Above: Crossandra are very tender and will brown out when temperatures dip below 45 degrees or so. Below: Ixoras are sensitive as well and will defoliate all their leaves, it seems almost simultaneously, about 2 days after a cold snap.
Public Service Announcement:
COLLIER COUNTY EXTENSION OFFICE OFFERS TIPS TO PROTECT PLANTS IN COLD WEATHER
Collier County is known for its beautiful beaches and abundant sunshine, but even paradise gets a little chilly sometimes. As residents dig out their jackets and fire up the heaters, our luscious tropical plants don’t have the luxury of donning warm winter-wear. They count on us to ensure they can endure those frosty mornings.
While you may prefer your wool sweater to keep you warm, Doug Caldwell, Ph.D., Commercial Landscape Horticulture Extension Educator, says plants prefer frost cloth. “Frost cloth is one of the best ways to insulate plants, especially tender flowering annuals because it isn’t necessary to prop it up, off the foliage,” said Caldwell. If you don’t happen to keep frost cloth handy and can spare the bedding, sheets can protect plants as well. However, with heavier material, support props are needed to separate the material so that it doesn’t touch the plant to best protect the foliage.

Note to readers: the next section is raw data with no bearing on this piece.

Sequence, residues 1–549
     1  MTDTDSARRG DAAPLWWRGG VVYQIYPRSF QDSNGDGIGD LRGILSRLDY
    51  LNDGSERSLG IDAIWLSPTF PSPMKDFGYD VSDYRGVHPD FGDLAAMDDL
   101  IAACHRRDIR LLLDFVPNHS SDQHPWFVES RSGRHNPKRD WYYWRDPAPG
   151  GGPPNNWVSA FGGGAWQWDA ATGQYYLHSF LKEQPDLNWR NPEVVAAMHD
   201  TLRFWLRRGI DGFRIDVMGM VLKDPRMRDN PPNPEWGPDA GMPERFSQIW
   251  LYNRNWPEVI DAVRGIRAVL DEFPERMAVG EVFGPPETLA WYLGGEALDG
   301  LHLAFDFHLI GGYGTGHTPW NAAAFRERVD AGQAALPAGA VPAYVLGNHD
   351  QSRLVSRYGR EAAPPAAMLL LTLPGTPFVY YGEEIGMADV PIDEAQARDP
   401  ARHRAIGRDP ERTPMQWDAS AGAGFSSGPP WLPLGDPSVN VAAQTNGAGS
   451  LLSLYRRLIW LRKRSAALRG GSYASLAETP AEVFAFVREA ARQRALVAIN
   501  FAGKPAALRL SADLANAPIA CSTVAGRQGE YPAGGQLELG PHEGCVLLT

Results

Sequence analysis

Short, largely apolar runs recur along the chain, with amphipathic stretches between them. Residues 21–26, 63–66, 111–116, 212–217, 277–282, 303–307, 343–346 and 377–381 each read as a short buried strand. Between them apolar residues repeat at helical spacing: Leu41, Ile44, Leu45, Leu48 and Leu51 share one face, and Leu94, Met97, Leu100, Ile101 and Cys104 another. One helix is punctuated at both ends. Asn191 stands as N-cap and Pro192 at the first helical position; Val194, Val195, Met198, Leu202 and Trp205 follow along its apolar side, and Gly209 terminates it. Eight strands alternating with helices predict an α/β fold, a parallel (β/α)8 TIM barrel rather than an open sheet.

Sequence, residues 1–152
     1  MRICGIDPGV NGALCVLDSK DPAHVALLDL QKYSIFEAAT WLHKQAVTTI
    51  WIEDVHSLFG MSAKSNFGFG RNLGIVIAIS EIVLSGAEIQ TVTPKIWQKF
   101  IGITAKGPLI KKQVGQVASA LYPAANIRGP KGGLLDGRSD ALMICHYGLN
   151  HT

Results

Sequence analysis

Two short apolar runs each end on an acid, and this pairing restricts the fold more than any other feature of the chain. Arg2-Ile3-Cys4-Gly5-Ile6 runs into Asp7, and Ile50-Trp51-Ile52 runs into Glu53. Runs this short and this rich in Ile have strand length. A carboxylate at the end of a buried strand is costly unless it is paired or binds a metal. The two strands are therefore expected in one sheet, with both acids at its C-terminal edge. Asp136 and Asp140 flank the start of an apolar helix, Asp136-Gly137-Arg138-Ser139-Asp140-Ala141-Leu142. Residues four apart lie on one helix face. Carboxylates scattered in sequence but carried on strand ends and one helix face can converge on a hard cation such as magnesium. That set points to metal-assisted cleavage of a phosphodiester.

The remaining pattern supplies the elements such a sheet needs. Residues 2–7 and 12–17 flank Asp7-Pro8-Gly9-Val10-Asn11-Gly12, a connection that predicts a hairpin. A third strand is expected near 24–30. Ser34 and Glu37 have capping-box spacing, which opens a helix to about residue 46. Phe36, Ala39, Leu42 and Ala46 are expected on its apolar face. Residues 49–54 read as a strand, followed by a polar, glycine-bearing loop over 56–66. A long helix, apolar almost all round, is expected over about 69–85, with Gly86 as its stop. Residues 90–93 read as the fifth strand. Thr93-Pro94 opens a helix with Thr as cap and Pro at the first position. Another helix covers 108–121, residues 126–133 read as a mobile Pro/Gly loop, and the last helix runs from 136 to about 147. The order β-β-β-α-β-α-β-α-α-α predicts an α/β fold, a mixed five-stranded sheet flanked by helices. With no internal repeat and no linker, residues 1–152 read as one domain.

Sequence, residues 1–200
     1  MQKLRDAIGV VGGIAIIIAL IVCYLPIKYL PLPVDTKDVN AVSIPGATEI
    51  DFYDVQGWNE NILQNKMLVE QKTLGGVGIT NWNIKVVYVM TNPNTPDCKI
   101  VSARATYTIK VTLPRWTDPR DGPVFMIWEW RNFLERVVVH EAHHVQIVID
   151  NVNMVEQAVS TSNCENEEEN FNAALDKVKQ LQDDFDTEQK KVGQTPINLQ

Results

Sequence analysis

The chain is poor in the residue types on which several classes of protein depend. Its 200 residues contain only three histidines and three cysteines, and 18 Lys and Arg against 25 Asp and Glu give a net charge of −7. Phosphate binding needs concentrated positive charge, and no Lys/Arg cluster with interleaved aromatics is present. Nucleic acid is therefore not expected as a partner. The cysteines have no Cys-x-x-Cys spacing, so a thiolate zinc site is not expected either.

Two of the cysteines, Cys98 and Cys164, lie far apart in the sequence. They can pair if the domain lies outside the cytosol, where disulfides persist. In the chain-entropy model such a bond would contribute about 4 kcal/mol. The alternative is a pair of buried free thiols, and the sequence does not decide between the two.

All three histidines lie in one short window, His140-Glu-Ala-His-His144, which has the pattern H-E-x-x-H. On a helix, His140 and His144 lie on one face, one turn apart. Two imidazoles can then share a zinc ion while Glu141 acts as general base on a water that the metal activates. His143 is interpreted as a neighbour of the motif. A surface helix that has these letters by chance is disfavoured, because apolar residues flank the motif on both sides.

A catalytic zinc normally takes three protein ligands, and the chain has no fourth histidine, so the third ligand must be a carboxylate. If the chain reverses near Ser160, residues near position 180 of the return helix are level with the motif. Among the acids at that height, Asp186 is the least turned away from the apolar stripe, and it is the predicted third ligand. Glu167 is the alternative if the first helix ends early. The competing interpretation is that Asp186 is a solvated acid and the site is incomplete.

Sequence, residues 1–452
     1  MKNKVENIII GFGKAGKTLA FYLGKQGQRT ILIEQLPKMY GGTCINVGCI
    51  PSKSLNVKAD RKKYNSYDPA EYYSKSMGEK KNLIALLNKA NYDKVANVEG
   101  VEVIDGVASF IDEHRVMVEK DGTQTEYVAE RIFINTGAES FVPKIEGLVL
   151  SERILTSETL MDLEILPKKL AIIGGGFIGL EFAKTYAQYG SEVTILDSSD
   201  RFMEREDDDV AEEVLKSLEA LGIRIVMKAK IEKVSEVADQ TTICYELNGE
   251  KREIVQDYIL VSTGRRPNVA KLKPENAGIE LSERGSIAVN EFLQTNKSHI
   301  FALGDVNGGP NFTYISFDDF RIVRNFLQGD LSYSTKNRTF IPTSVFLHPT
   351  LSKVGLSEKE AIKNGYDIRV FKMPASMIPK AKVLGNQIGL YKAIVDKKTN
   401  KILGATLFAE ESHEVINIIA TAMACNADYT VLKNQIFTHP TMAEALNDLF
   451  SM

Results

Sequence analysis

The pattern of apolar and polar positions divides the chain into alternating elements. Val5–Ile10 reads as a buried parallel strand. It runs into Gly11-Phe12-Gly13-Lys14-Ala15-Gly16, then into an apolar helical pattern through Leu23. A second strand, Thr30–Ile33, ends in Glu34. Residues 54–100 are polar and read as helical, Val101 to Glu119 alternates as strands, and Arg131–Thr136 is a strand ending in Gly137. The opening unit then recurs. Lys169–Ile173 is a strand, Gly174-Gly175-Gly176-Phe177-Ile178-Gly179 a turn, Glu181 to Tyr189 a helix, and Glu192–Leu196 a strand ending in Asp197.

For those that can’t spare the bedding, or if you are looking for a more natural approach, pine straw can be spread across the tops of sensitive plants to shield them from the icy embrace of Jack Frost. Pine straw or even old pool cover pieces can also be used to mitigate damage to tropical shrubs or young fruit trees by covering the base of the plants.
Even after a night of cold temperatures there are things you can do, or not do to help the flora flourish through future frosts. “After the freeze, avoid pruning, as new growth may be stimulated which will be more vulnerable to subsequent freeze injury,” Caldwell said. “In fact, it is best not to prune between November and February to avoid inducing tender new growth that will be prone to freeze injury,” added Caldwell.